As far back as I can remember my grandpa always had cows, pigs, chickens and other domestic animals. He lives with my granny in one small village in Istria, they are both in their eighties now but the animals are still here. Well, not in the same number as in the old days but they are not giving up. Good for them!
It’s impressive to see their will for hard work even if they don’t have to do so hard anymore. Life wasn’t easy for them, that’s for sure and I guess that’s sth that always sticks with you.
Growing up around all these animals was such a privilege for my sister and me, we were really enjoying and we were always full of stories for our friends in town. Sometimes we were chased by chickens, or we spent all day jumping in hay, once someone fell in the muck and once the cows went crazy and started to run like hell all over the place. Even today when we talk about life in village our friends sometimes joke and call us little shepherdesses. But there was one animal we never dared to come close, we were too afraid…
A few animals that are very common for our region and are present in this area for centuries are: the goat (the symbol of Istria, every house use to have at least one or two of them when my parents were young), the donkey (well known for its endurance, resistance and longevity) and one amazing animal we were so afraid off, animal that always leaves me speechless, the Boskarin ox.
Boskarin is the autochthonous Istrian cattle of firm constitution, very resistant and adapted to living conditions in this area. This cattle was very widespread in Istria until the mid-twentieth century (the appearance of agricultural mechanization), it was the most important farm animal and since then the number has drastically decreased. Today the local community, Agency for rural development of Istria, Cattle Associations and others are doing a great job in protection and preservation of this breed.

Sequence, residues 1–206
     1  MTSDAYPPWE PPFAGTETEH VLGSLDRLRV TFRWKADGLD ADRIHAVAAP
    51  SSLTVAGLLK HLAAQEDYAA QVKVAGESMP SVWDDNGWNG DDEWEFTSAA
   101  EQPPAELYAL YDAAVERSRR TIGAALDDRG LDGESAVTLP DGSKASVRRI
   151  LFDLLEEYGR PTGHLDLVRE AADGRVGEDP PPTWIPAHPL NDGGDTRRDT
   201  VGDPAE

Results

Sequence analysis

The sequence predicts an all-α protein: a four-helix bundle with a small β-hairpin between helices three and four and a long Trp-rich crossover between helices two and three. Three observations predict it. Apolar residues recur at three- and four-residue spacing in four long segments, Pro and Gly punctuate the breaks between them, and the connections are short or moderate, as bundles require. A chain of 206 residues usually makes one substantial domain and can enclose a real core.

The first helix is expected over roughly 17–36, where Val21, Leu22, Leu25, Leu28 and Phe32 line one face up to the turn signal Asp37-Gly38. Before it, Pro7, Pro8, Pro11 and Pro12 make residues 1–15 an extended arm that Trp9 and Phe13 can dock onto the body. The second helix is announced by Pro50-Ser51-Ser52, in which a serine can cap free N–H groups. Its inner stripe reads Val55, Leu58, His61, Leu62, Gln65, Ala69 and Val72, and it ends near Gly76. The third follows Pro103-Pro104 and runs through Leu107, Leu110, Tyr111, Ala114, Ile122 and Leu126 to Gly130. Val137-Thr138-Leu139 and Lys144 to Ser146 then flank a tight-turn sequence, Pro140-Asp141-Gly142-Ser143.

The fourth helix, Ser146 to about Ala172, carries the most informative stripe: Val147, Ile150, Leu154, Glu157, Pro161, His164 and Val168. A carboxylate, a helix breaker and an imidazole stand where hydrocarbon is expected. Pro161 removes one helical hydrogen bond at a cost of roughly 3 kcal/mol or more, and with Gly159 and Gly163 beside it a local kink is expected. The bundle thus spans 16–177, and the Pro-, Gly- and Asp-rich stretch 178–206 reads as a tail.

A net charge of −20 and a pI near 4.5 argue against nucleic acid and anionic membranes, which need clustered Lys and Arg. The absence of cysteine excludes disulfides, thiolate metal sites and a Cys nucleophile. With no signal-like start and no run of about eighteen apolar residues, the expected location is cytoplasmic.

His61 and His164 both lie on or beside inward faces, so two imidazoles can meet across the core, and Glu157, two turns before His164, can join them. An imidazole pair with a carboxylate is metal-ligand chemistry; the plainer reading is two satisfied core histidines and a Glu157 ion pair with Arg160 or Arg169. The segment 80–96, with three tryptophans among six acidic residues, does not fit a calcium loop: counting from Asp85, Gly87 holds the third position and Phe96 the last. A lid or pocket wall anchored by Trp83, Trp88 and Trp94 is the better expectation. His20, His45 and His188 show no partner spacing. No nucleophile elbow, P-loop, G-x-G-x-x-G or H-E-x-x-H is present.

Boskarin is a working animal with peaceful nature, used for plowing and towing, recently mostly for tourism advertising. This intelligent white giant reaches it’s maturity at age 6 to 7, providing long-term fertility. It’s amazing that something so big and strong manage to grew up in this waterless land stingy with food.
Oxen reach a mass of up to 1300 kg, while bulls are lighter and weigh up to 900 kg. Adult males in the reef are about 150 cm high, and cows, whose weight reaches 650 kg, are at the height of 135 to 142 cm in the ridge. Their color is light gray to white, with transitions to darker shades. The calf most often comes on the world red – brown and when is 3 to 4 months old it’s color changes to gray. The broad horns are white with black tops and have a lyrical shape. The owners sometime put brass balls on the top of the horns for protection. Milkiness is modest because this property wasn’t important for breeders.
There are a couple of fairs during the year where you can see and admire the Boskarin ox but the one on St. Jacob’s Day – “Jakovlja” in Kanfanar is the most popular. Local people participate in this exhibition and competition with their cattles in few disciplines: beauty, weight and obedience. Interesting to see is the part after they pass through Kanfanar, when the oxen try the skill of ploughing with traditional ploughs in nearby small valley, individually and in pairs. At the end of the day the best Boskarin is chosen, as well as winners in other categories. The celebration takes place in the end of July where, among other things, you can try various Istrian delicacies. Another place where you can always see Boskarin oxen are the Brioni Islands.
I’ve seen the Boskarin Cattle many times and still each time I’m impressed and stunned by it’s appearance. I feel such a respect for this animal who has passed a long and thorny way from being a working animal in fields to an animal all Istrians are proud off.